All of those answers can be found in any good reloading manual. In most cases slower burning powders will give you the fastest velocities. They also will generally fill the case more resulting in a much less chance of double or overcharging. Because of this, they are not the most economical because you get less rounds from a pound of powder. Speed not only kills, it costs more. Since you appear to be new to reloading, I too suggest purchasing and reading at least one good reloading manual before you attempt to stuff bullets. Stay away from max loads until you get the basics down pat and do not deviate from published loads. Any other questions, be sure to ask. We all were newbies once.
buck460XVR is online now  
Old September 21, 2012, 01:19 PM   #5
Senior Member
Join Date: July 28, 2007
Location: Central Ohio
Posts: 10,982
I think this bit is very important: try to NOT read too much in to burn rate charts because they are general in nature. This is easily proven in that if you find different sources for these lists of powders (from fastest to slowest) you'll see how some of the powders jump around a bit in the list.

The burning rate of these powders is sometimes altered over time and certainly a minute bit is possible from lot to lot.

And simply finding something in the burning rate chart/list tells you NOTHING, I repeat, NOTHING about how you can specifically use that powder. You cannot safely extrapolate load data between powders, between cartridges or even between bullets weights in the same cartridge with accuracy. There has never been any load data listed with a burn rate list or chart. For load data, you need a published load data source and better yet, you need THREE of them to cross reference to ensure you aren't reading someone's misprint, typo or just plain nutbar load.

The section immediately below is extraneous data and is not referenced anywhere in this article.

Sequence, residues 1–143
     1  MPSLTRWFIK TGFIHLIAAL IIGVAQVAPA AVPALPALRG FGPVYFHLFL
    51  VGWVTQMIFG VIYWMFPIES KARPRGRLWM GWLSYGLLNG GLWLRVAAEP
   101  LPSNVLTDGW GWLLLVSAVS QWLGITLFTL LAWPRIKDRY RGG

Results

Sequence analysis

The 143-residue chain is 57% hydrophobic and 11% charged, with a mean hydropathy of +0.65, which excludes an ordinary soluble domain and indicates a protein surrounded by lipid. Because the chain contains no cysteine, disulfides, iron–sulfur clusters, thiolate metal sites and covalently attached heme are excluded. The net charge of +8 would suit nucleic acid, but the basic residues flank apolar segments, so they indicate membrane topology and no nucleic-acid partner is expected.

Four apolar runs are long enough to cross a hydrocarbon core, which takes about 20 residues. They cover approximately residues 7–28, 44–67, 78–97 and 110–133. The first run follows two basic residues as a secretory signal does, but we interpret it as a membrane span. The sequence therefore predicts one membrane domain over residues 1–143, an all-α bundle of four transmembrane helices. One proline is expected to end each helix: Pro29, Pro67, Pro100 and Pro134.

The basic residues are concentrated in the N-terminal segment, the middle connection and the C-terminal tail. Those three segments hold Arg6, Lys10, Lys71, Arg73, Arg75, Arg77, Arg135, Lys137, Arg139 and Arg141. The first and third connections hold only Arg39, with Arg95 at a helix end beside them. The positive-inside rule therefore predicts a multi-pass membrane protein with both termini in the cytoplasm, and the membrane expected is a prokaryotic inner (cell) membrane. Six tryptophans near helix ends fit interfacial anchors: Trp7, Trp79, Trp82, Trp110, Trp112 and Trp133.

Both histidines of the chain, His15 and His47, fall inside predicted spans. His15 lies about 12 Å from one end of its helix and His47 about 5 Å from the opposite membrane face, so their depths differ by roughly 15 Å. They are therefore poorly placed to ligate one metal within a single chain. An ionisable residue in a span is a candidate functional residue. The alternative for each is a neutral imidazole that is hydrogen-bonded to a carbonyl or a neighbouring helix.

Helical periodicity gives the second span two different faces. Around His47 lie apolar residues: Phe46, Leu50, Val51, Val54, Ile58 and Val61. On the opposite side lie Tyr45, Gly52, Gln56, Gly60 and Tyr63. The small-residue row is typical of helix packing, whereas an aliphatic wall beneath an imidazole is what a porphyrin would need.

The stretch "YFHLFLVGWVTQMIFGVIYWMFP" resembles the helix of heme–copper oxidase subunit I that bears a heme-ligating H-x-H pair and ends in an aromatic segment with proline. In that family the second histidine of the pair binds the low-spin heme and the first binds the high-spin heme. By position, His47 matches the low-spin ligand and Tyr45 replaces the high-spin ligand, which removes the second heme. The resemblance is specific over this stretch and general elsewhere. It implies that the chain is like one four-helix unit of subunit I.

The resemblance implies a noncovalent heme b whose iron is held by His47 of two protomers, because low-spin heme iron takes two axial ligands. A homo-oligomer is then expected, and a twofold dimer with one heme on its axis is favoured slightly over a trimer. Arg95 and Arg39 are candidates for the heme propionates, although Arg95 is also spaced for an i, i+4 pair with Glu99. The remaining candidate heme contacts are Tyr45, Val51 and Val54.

Looking at a burn rate chart can give you an idea of a powder you may wish to look in to for further investigation. And if you end up with a can of powder you know little about, a burn rate chart can give you a first-look idea of how it might be used.

I've looked at burn rate charts a number of times over the years I've been loading. If I was instructed 5 minutes from now that I'd never, ever, EVER, the rest of my life ever be allowed to look at another... I wouldn't lose a wink of sleep over it.

Now if you took my cool-whip containers or told me that I couldn't put cut-up squares of paper towel in my tumbler, we'd be fighting. Take away my burn rate list/chart? Meh, I don't even care.

Indeed, a slower powder is required to safely and properly get velocity out of a larger, heavier load. .380 or 9mm would NOT be a good example. .357 Magnum is a fine example.